Preface to “THIRDS – Aguado” revised
It is time to mention again a particularly pernicious bête noire which has been the subject of much debate among teachers for decades: the fact that most of the literature for beginners and intermediate guitar players is peppered with fingerings and presented, mostly, in low positions. Many decades ago, John Williams (illustrated here at the risk of inciting serious nostalgia)
tried to combat this, preaching wherever he could, stating that guitarists learned to read fingerings rather than notes, advocating (to no avail) that beginners should start immediately – albeit slowly and steadily - in high positions as well as low ones. Below is an excerpt of one of his transcriptions (© 1978/79[!]) bearing no fingerings, position suggestions, or string denominations (a phenomenon, to this day, virtually unique in guitar publication):
The intention was soundly optimistic but the powers-that-be wanted none of it. His efforts failed, as did everyone else’s. And the bête noire gnaws away at the ebony, unseen … noir sur noir.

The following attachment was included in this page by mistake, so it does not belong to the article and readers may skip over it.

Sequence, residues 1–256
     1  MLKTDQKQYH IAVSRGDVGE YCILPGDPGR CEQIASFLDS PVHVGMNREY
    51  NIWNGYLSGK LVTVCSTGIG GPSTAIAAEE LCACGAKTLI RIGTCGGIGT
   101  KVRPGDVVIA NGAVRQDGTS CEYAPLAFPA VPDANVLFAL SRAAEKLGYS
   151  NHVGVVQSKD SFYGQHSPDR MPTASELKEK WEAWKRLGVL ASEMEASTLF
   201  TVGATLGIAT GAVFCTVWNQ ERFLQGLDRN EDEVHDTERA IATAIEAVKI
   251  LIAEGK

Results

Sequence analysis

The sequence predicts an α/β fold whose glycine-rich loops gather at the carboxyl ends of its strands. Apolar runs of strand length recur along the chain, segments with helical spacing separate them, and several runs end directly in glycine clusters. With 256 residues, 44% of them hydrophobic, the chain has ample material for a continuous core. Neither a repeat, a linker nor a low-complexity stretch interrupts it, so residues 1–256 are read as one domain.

From here on, those classics with which you may be familiar, will be taken out of the putative comfort zone; they will feel unsettling and the fingerings resulting from the given positions will not necessarily make the performance easier; but then, scalic as they are, the reward lies more in the achievement than any musical gratification. Always bear in mind that the essence of this course is the exploring, familiarising with, and mastering of fingerboard knowledge, not technique or musicianship which, vital though they are, belong to different territories which are adequately explored elsewhere.
See “THIRDS – Aguado” revised on the Classical Guitar Technique Forum
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